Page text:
Report outlines how plastic production harms human health, environment, economy
On March 21, 2023, the Minderoo-Monaco Commission on Plastics and Human Health published a report in the Annals of Global Health summarizing impacts from all stages of the plastics supply chain on human health, environmental health, and the economy. With over 10,000 substances known to be used intentionally in plastic products (FPF reported) the report authors focus on the effects from five widely studied chemical groups, specifically: phthalates, bisphenols, per- and polyfluoroalkyl substances (PFAS), brominated flame retardants, and organophosphate flame retardant. Further, they provide information on the growing evidence of effects from micro– and nanoplastics.
The human health section gives particular attention to vulnerable populations such as developing fetuses and young children, and those working in and living near manufacturing facilities (FPF reported). Highlighted effects include a 30% increased rate of leukemia in neighboring communities as well as increased rates of breast cancer among men and women working in plastics production facilities with women more than twice as high as in the general population. Furthermore, the authors wrote that prenatal exposure to plastic additives like phthalates and bisphenols leads to worse social and physical outcomes in children (FPF reported, also here and here). To conclude their summary on health effects they write that, “[p]lastic causes disease, disability, and premature death at every stage of its long and complex life cycle – from extraction of the coal, oil, and gas that are its main feedstocks, to transport, manufacture, refining, use, recycling, combustion, and through to reuse, recycling and disposal into the environment.”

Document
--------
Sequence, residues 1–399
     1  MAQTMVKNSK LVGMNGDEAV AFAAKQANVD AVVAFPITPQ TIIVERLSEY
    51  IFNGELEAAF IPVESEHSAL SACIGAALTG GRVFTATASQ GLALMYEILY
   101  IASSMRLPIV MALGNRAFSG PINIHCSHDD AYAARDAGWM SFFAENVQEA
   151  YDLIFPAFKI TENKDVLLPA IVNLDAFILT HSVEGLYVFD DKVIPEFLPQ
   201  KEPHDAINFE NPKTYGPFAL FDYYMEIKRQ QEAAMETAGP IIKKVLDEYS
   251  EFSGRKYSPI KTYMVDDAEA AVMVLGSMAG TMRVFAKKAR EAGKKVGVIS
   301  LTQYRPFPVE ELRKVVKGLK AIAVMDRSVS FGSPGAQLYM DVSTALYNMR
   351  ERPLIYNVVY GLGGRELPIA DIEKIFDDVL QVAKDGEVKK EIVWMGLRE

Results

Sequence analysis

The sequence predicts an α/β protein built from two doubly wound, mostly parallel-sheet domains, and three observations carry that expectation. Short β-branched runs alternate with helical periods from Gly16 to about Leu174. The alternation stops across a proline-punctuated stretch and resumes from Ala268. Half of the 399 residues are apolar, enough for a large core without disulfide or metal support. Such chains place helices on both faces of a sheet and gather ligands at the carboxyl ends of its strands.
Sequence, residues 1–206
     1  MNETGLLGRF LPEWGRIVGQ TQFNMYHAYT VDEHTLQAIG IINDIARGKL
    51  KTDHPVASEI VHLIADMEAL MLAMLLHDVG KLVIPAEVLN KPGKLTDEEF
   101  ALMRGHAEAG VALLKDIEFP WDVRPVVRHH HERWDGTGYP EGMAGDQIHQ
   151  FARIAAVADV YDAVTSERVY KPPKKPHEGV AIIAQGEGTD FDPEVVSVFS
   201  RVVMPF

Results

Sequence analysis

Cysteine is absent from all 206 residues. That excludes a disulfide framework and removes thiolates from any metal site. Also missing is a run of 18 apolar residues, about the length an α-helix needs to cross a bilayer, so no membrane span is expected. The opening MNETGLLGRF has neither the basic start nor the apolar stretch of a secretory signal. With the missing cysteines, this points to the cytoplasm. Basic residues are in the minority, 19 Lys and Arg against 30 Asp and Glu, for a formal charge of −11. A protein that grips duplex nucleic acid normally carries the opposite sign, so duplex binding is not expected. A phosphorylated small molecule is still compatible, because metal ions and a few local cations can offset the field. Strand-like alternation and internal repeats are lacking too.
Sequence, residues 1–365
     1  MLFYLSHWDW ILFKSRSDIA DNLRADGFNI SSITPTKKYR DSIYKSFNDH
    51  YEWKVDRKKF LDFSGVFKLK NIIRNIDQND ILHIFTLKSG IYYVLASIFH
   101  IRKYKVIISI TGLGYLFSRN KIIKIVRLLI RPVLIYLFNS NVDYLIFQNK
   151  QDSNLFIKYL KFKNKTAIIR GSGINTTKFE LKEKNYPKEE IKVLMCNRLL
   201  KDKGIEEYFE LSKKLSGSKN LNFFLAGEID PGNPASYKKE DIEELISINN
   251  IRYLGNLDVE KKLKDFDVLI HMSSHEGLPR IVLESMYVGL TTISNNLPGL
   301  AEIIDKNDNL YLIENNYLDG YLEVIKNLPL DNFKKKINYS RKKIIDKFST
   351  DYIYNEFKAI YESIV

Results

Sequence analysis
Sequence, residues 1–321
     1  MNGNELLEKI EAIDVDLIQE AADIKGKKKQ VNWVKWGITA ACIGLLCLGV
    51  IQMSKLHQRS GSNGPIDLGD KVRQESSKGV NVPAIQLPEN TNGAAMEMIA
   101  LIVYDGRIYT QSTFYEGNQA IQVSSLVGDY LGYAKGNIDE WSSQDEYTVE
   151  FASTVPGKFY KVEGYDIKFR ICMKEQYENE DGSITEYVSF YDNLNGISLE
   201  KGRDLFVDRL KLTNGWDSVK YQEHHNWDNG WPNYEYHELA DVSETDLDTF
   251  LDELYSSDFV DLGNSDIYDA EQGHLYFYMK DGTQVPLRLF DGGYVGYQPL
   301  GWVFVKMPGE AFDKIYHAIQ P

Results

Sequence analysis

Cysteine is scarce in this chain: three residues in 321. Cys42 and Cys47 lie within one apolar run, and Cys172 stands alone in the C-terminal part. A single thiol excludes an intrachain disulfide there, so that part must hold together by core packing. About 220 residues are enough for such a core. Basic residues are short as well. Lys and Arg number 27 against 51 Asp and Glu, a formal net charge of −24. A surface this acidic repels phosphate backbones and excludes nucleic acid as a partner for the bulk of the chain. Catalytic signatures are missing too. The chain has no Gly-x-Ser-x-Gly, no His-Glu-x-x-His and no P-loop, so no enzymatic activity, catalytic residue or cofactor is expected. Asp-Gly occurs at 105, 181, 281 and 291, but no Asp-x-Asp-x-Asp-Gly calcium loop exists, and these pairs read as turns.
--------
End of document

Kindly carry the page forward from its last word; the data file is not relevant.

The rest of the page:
Food Packaging Forum, 21-03-23